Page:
There’s something so unique about watching a play that is being performed by the writer. This amalgamation of the two talents is definitely not unusual amongst creatives but sometimes the blend of the both can be especially engaging. This is the case for Amanda Wilkin – her familiarity with the narrative and ease of delivery creates a piece of theatre that feels personal, nuanced and as though you could be the only person in the room with her at that moment.
SHEDDING A SKIN follows Myah who appears at the beginning crammed into a slither of space in the middle of the stage. At 30, she feels like her life is at a standstill – between a racist workplace where she is accused of being “aggressive”, a narcissistic boyfriend who she refers to as ‘swamp man’ (he lives on a boat) and her friends who offer advice mid baby juggle – she is full of frustration, disappointment and despair.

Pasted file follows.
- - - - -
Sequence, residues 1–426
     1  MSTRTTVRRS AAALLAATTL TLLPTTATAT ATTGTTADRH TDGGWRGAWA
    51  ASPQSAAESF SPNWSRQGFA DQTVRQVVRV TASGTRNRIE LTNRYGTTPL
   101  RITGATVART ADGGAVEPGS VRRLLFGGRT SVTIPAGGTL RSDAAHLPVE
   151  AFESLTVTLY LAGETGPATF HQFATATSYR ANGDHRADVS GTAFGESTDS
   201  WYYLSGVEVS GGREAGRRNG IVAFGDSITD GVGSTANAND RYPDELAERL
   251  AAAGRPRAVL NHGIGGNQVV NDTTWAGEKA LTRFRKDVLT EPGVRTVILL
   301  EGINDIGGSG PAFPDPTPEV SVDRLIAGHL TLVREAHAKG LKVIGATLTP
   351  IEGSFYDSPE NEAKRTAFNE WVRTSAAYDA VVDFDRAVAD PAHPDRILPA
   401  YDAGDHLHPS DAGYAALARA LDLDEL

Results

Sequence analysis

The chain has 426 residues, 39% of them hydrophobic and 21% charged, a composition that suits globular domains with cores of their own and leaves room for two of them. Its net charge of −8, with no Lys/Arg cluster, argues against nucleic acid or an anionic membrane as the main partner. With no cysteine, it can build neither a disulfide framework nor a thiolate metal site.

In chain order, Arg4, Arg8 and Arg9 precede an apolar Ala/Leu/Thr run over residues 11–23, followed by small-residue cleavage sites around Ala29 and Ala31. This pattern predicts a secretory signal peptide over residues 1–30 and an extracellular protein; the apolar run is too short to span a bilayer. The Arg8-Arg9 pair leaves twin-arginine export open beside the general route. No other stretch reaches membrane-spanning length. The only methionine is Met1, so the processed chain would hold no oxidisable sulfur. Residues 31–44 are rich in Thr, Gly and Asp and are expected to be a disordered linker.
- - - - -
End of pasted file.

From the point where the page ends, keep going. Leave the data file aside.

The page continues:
After calling quits on both her job and relationship, she moves in with Mildred, a Jamaican woman who is old in age, young in spirit and ready to teach Myah about what it really means to feel comfortable in her own skin. Myah takes us on the journey every step of the way, confronting themes surrounding identity, loneliness, connection, social pressure, self-acceptance and fearing but welcoming change. Wilkin’s writing does an expert job at keeping us laughing throughout with various anecdotes and impersonations that keep the story enriched with wit in all the right places.
Some beautiful and poignant lines/moments too (which I’m not going to attempt word for word) but… where she describes a hug from Mildred and how it feels as though she’s received thousands of years worth of hugs she’s been missing just in that one. Another where she sits in a pub with Mildred and finally feels seen, heard, understood – the simplicity of the setting and normality of the motions of sitting, out, drinking, with company (the right company), is so full of meaning and significance.
Also, without giving too much away, I loved the gradual uncovering of the set/ space that happens throughout, also the transformation of colour in the form of the lighting and costume. Impactful and visually symbolic.
On until 17th July at Soho Theatre / tickets are sold out but you know what I’m gonna say – keep your eye on the website for those returns! Also, I’m sure this will be back (better be)!